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Aug 19, 2014

Three Days to Whip Up Some Swimsuits



With my latest shirts and linen shorts finished (they debut tomorrow), I still have three days to sew some last-minute holiday togs.

What could be faster than a swimsuit -- with grommets no less!





I have never inserted grommets before but I'm going to learn how in the next few days.  I assume any knit fabric will need to be interfaced (or reinforced) before the grommet is attached.  Anybody know?

As for fabric, I picked up half a yard of three very different swimsuit knits today, plus lining.

The first is a gray Marc Jacobs floral print.





The second is this multicolored paisley print:





And finally, this red, white, and black tropical print.





Here's my lining:



I have clear swimsuit elastic somewhere; I'll dig that out.  And if I use the grommets I'll have to buy some nylon lacing for a drawstring.   (I also have knit interfacing if I need it -- a sturdy stabilizer for the grommets might work better.)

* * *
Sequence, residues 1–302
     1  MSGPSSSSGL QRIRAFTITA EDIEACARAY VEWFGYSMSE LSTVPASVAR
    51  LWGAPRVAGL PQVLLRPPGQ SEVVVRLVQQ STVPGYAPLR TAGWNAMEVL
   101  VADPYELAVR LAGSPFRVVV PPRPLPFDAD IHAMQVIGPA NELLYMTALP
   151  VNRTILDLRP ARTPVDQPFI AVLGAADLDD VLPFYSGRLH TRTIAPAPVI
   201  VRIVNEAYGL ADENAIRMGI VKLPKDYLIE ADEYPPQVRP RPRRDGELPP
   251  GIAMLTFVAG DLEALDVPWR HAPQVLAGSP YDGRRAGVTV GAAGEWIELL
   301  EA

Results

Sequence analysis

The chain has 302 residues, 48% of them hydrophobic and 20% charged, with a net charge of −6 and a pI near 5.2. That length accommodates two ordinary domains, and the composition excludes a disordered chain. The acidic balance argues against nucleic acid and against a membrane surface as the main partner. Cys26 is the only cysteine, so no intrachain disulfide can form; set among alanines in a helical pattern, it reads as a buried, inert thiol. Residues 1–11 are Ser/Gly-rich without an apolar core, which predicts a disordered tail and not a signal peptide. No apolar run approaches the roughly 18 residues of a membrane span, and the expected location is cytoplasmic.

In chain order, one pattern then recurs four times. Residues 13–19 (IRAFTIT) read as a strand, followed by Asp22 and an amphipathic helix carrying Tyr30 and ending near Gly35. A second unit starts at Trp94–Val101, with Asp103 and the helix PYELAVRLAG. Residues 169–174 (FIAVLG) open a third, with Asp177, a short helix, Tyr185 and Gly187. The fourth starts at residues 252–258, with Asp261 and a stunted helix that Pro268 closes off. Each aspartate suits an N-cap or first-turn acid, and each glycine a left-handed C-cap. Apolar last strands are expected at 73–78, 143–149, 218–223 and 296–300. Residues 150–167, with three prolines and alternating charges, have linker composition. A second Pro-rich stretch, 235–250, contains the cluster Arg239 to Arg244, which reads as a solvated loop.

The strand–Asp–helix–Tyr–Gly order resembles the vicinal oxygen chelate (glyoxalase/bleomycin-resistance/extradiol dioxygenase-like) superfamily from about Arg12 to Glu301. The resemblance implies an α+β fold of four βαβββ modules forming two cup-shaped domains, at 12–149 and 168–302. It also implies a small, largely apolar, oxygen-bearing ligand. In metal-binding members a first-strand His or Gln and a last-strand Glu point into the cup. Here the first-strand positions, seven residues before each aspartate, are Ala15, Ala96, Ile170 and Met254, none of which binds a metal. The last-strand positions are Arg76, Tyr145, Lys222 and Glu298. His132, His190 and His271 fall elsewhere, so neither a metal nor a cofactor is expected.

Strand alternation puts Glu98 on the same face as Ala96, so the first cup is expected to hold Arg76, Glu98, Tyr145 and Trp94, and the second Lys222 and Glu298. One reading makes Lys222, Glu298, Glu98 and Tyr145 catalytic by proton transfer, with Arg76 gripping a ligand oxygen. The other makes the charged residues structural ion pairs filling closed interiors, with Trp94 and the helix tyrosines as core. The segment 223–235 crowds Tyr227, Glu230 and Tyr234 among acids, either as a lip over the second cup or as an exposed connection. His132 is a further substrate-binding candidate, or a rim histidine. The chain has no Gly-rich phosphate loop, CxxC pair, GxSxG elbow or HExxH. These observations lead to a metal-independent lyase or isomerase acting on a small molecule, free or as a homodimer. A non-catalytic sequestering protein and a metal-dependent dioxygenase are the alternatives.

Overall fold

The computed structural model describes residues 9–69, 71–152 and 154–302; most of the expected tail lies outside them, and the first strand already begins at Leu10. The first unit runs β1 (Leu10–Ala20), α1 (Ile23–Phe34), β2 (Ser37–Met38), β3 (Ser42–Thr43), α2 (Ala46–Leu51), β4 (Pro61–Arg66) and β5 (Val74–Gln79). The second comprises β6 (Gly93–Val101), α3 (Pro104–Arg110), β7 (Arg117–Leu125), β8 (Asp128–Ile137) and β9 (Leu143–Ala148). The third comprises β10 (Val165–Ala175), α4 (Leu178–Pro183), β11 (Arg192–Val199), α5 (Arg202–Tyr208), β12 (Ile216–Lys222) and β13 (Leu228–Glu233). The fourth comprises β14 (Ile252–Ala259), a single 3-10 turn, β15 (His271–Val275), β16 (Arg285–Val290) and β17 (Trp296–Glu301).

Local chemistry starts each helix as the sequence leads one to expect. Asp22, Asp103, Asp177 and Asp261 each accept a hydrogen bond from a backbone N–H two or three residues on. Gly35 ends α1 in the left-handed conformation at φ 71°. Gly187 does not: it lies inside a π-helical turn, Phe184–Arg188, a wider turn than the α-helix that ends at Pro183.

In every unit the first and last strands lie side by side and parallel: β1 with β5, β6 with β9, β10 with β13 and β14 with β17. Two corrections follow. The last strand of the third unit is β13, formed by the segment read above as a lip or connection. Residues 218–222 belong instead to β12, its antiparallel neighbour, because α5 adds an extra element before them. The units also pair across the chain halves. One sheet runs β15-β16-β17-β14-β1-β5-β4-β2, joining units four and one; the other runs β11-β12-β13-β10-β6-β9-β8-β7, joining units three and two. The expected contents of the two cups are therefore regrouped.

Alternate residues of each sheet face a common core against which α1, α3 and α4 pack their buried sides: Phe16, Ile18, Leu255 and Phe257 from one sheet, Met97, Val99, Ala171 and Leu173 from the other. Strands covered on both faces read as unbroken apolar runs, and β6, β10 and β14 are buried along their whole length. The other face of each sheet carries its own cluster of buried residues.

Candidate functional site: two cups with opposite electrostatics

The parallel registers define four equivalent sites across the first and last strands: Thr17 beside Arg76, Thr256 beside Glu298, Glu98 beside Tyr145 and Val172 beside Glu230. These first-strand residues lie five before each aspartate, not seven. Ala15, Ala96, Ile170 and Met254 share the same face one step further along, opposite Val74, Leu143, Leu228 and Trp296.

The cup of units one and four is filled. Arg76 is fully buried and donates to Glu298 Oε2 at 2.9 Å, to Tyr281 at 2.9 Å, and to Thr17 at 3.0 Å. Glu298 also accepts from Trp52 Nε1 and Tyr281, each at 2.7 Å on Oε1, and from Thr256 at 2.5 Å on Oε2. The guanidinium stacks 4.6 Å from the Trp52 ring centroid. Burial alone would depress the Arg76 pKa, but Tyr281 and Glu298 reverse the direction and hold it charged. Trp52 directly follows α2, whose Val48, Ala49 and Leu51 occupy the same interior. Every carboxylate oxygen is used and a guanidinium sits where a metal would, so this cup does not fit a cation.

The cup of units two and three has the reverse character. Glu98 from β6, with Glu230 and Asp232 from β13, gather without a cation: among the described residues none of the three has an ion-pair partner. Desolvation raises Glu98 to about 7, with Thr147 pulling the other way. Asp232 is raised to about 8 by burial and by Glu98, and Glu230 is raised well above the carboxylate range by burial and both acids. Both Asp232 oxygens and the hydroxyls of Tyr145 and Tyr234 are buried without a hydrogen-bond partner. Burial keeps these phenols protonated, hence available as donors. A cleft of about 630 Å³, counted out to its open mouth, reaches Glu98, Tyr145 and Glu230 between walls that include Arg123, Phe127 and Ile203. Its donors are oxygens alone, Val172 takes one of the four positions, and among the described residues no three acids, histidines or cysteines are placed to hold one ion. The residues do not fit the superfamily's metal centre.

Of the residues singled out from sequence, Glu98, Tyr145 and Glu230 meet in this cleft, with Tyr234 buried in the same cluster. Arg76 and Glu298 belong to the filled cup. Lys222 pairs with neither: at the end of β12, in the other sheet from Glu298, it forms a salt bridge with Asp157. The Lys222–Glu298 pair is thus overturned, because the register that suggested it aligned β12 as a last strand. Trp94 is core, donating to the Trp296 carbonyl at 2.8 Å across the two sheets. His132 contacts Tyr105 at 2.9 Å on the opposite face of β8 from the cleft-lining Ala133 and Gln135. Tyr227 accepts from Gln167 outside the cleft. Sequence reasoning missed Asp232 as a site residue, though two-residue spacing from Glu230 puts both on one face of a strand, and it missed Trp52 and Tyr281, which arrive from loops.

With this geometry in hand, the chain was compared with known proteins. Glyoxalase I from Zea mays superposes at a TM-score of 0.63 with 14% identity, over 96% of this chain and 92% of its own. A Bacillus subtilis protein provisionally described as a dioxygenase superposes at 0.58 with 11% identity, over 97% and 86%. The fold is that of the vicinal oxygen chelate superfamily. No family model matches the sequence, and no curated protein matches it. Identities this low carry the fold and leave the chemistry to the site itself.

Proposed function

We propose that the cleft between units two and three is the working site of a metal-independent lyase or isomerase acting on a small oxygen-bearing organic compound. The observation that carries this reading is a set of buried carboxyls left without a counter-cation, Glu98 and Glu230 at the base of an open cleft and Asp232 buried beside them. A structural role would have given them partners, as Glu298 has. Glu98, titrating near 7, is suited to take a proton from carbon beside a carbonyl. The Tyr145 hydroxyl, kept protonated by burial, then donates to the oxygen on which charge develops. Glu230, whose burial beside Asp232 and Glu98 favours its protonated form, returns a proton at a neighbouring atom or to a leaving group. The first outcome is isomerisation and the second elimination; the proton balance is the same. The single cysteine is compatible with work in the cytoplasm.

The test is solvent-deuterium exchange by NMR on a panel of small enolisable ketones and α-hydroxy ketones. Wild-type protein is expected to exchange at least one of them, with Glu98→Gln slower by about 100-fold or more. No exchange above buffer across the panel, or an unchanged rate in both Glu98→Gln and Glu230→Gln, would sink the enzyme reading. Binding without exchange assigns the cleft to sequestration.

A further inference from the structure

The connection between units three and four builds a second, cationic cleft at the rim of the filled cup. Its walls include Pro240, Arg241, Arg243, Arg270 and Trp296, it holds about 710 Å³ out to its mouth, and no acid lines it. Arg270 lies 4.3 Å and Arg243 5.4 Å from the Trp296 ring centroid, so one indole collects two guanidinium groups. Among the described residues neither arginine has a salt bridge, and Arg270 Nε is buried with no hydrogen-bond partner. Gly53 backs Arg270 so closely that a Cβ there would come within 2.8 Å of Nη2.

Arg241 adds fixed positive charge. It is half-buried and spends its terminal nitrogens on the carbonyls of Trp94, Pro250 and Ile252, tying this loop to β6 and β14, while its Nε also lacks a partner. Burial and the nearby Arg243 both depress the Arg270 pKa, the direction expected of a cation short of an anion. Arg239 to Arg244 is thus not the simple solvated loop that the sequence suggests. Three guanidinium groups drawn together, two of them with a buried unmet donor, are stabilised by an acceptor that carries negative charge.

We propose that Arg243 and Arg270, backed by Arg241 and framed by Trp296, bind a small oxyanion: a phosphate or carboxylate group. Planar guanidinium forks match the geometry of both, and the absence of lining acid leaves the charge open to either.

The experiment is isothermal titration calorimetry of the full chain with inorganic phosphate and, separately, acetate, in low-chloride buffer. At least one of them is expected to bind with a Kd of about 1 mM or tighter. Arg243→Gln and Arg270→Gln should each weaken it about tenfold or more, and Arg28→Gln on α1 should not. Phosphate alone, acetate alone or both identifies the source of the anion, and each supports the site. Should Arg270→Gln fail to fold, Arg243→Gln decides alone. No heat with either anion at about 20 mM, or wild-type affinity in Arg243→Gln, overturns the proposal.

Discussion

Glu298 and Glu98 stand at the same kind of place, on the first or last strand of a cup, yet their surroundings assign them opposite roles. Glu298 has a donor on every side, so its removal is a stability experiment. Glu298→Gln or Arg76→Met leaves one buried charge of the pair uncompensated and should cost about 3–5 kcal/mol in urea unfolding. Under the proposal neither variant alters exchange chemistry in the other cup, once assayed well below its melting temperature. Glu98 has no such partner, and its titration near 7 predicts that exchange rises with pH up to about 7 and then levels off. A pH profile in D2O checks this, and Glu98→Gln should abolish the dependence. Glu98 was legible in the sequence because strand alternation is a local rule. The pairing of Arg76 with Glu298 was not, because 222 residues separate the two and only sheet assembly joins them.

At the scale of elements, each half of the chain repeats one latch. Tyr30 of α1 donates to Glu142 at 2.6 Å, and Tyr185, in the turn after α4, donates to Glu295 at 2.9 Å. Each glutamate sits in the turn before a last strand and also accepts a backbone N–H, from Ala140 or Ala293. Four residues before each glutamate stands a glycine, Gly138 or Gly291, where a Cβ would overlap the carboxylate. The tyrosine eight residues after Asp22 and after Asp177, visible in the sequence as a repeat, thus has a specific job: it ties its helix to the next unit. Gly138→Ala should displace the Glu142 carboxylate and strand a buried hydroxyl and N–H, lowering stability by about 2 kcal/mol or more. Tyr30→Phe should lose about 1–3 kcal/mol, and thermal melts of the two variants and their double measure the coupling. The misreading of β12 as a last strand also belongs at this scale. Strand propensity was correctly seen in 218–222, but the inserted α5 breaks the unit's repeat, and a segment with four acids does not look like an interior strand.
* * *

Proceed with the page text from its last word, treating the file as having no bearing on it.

I have plenty of swimwear patterns to choose from.  I'll probably start with something with a Speedo-style cut.  In addition to the patterns, I have plenty of RTW swimsuits to examine.



Having made swimsuits before with mixed success, I know that, aside from the cut, it's all about the finishing.  I don't have a true coverstitch machine but I'll have to do my best with just a serger and sewing machine.  Luckily I have lots of fabric to experiment with.

Four years ago I made these and they came out pretty well, though the fabric was kind of gross.



I used regular elastic in those for some reason but the finish looks OK and the suit feels secure.



Anyway, this should keep me busy for the next few days.

Any swimsuit experts out there?

Have a great day, everybody!




24 comments: